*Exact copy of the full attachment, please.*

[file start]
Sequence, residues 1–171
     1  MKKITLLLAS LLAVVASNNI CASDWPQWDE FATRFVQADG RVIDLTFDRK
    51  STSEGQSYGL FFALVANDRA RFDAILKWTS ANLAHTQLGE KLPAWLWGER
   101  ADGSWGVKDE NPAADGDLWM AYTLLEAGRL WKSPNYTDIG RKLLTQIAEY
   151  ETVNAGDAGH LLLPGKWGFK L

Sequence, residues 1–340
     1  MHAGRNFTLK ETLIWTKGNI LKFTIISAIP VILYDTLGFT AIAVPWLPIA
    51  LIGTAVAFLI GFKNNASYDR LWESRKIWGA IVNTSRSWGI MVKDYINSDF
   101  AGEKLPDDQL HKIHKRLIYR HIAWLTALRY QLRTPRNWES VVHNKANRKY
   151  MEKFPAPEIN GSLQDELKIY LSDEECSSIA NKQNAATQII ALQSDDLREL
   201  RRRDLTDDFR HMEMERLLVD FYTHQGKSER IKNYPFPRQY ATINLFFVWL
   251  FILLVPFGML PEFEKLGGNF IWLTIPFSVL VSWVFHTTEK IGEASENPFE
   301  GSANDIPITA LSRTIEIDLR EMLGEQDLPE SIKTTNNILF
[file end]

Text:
Sequence, residues 1–171
     1  MKKITLLLAS LLAVVASNNI CASDWPQWDE FATRFVQADG RVIDLTFDRK
    51  STSEGQSYGL FFALVANDRA RFDAILKWTS ANLAHTQLGE KLPAWLWGER
   101  ADGSWGVKDE NPAADGDLWM AYTLLEAGRL WKSPNYTDIG RKLLTQIAEY
   151  ETVNAGDAGH LLLPGKWGFK L

Sequence, residues 1–340
     1  MHAGRNFTLK ETLIWTKGNI LKFTIISAIP VILYDTLGFT AIAVPWLPIA
    51  LIGTAVAFLI GFKNNASYDR LWESRKIWGA IVNTSRSWGI MVKDYINSDF
   101  AGEKLPDDQL HKIHKRLIYR HIAWLTALRY QLRTPRNWES VVHNKANRKY
   151  MEKFPAPEIN GSLQDELKIY LSDEECSSIA NKQNAATQII ALQSDDLREL
   201  RRRDLTDDFR HMEMERLLVD FYTHQGKSER IKNYPFPRQY ATINLFFVWL
   251  FILLVPFGML PEFEKLGGNF IWLTIPFSVL VSWVFHTTEK IGEASENPFE
   301  GSANDIPITA LSRTIEIDLR EMLGEQDLPE SIKTTNNILF